Tuesday, December 5, 2017

Stop Telling Me to "Shop Locally"



By Alan Stevo

If guilt is the best you have to offer a customer, you probably don't have that much to offer a customer.
When I walk into Walmart I know I will be able to get a wide selection of products, I will be able to get them cheap, and I will be able to get them with very little customer support or hassle. When I want that, it feels great. Fast, simple, cheap. 
There is no guilt campaign from
Walmart. There is no appeal to me about how bad of a person I am if I don't shop at Walmart. There are no protestors outside my houses or outside other stores convincing me it is bad to shop anywhere but Walmart. When I step foot in a Walmart, I go there because that is exactly what I want. I go there because they are better than anyone else at providing for me as a consumer in the ways that Walmart is so proficient in providing for me. 
When I shop at Amazon.com, I get a wide selection of goods, at a cheap price with both the ease and occasional difficulty that comes with shopping online. They do that better than anyone else. When I want that, it feels great to turn to Amazon and get that, and to get it exactly as I expected, and to, often enough, be surprised by an experience that is even better than what I expected. 
There is no guilt campaign from Amazon, there are no protestors outside my house convincing me it is bad to shop anywhere but Amazon. There are no online ads pointing out how immoral it is of me to shop anywhere that isn't Amazon. I use Amazon because Amazon is exactly what I want at that moment. 
This is in sharp contrast with the average "mom and pop" shops. 
When I step foot into a local shop, all too often, I find nothing remotely of value to me. It is an unpleasant experience with an unhelpful, or sometimes even rude and unknowledgeable salesperson. 
I don't feel like I'm contributing to my community by shopping in such places. To the contrary, I hope most low value shops like that go out of business. The sooner they go out of business the better. By even being in existence they take up valuable real estate that can be used by others seeking to innovate the local space, to provide a better consumer experience, and to develop a better use for that local space. 
Not only do I not feel guilty for not patronizing these mediocre local businesses, it makes me sad that they even exist. They are partially propped up by the guilt movement that encourages consumers to disregard all other benefits in favor of having the opportunity to shop locally, a movement I find misguided at best, more often ill-informed, and often enough willfully ignorant and therefore blatantly deceitful. The moral thing is to help bad local businesses go under by not patronizing them, and therefore helping to clean out that detritus that takes up valuable local brick and mortar space. 
Confusing charity with shopping, confusing philanthropic activity with consumer activity benefits no one but the mediocre shop owner.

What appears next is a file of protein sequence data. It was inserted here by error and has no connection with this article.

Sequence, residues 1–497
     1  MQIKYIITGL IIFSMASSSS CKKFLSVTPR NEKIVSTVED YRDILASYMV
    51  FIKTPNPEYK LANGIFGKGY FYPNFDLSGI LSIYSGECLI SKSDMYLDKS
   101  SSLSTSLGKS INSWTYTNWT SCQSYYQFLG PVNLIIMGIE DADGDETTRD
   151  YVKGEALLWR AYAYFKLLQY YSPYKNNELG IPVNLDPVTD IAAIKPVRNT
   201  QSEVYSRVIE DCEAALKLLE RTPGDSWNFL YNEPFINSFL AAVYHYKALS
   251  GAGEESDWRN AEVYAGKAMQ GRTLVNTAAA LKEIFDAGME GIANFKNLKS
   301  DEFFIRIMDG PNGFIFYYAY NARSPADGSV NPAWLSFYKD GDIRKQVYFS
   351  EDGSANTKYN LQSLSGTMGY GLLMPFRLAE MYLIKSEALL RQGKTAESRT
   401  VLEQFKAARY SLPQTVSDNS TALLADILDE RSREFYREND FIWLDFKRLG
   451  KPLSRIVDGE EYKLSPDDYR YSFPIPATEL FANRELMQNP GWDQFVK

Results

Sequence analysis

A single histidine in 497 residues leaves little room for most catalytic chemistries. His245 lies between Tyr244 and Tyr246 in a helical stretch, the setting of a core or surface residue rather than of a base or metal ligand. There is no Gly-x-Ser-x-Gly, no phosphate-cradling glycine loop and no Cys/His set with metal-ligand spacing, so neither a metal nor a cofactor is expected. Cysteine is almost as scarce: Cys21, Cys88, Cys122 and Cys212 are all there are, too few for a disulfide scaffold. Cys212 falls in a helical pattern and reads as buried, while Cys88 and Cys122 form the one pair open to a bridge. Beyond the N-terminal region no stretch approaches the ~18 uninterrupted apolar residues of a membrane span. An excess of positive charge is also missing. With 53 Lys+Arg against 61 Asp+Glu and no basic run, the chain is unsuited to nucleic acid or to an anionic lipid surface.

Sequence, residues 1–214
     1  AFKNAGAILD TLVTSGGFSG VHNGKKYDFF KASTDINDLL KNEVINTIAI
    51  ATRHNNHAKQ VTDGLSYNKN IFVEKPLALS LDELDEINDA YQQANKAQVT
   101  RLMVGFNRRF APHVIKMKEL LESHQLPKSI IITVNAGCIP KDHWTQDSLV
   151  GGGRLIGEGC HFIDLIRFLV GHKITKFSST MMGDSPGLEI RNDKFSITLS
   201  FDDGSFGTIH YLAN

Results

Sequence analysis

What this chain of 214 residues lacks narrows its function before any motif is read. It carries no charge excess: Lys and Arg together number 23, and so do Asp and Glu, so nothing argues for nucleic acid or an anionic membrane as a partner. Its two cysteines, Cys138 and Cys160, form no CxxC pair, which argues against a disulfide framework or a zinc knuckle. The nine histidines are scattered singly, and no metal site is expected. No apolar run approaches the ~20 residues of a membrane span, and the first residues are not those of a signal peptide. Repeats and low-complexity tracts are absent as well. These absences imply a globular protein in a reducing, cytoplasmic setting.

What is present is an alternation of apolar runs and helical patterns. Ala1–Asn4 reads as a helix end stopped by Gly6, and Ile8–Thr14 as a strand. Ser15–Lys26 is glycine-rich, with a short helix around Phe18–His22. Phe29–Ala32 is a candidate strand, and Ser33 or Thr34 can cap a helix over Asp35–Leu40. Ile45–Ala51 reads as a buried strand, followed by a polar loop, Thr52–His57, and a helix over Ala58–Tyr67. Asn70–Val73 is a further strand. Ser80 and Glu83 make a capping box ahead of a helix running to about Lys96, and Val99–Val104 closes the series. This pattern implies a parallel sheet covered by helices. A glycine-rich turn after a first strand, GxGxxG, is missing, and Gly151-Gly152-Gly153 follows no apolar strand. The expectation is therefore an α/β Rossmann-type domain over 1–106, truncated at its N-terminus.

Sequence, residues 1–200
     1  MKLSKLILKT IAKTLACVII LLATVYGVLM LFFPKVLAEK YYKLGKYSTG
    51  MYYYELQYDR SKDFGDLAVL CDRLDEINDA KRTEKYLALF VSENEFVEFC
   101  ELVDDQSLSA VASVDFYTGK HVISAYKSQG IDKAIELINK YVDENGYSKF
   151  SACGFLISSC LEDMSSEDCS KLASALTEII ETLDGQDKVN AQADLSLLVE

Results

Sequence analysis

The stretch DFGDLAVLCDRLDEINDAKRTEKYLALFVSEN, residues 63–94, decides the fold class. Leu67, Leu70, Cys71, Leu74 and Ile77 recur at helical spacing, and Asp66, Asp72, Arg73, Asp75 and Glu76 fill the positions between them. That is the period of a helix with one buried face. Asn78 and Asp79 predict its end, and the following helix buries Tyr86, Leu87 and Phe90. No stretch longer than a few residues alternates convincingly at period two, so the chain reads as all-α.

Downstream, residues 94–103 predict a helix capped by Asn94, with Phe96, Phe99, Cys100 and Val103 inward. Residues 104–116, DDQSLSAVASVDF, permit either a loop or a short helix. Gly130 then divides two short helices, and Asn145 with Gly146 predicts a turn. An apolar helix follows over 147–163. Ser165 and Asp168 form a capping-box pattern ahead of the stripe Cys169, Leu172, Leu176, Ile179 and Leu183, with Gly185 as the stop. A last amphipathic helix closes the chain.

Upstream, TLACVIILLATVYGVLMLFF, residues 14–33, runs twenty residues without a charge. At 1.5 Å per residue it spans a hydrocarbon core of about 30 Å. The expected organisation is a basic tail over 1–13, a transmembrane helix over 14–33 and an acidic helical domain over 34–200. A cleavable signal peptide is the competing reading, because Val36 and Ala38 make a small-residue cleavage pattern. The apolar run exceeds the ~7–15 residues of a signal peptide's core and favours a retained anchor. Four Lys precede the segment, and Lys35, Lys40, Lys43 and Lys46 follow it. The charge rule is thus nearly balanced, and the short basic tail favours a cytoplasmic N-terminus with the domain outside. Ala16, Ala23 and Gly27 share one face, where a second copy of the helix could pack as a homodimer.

Shopping locally generally offers me only one added value — immediacy. I like shopping locally because it is nice to have an item that I want in my hand before I buy it so that I can look it over. It feels nice to have it in my hand ten minutes after I decide that I want it. Soon that will barely be an added value. With Amazon's same day delivery, it is already barely more immediate to shop for most things locally. If one can restrain oneself for an hour or two and not have truly immediate gratification, then Amazon, all things considered provides a far more valuable shopping experience to me than a local mom and pop on virtually all products. Also, while a minor added value, it is visually appealing to have an active business district. I am sure I can rather quickly adapt to a business district concept that looks different than what I am used to. 
When I happen to sit down at a friend's or relative's home where the television is on, especially at this holiday time of year, I hear public service announcements about how important it is to shop locally. I sometimes hear as many as one or two segments on each news broadcast that interject how important it is to shop locally. 
This is practically mindless — this "shop locally" pronouncement. Guilt about not shopping locally and feeling good about the idea of shopping locally is practically the only value proposition offered by local stores. Instead the pronouncement should be "shop at good shops," or "shop at shops that give you what you want and how you want it."
In some places — and the places are thankfully becoming more common — walking into a local store truly is brilliant. The reason some locales have such high quality stores, is precisely because some people were so unwilling to shop locally. 
Because competition has upped the level of difficulty required to run a store, and driven so many bad stores out of business, we are left with increasingly better stores that are increasingly customer focused. For a consumer, that is a great shift in local businesses. Businesses that don't provide more local value than the guilt of "shop local" are becoming less common. 
This is sadly not happening as quickly as it could. People stuck in an ideology, as thoughtless as any other ideology, profess that "buy local" is some sort of unchallengeable axiom, a fundamental, impossible to further elucidate truth that all people must profess and live by or otherwise are subject to moral condemnation.